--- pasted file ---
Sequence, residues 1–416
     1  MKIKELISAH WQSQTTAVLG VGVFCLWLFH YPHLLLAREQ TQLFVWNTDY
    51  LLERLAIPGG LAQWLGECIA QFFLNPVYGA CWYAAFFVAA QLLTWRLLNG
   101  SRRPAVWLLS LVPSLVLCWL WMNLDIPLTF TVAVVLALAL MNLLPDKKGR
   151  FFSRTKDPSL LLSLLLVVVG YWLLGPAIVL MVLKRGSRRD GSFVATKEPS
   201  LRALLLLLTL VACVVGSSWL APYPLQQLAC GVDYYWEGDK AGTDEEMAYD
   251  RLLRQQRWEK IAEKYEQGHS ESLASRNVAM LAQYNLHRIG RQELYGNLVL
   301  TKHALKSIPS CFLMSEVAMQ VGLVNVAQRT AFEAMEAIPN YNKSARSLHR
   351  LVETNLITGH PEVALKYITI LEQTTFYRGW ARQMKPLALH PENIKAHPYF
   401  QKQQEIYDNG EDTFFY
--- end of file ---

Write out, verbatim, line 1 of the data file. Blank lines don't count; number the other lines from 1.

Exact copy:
Sequence, residues 1–416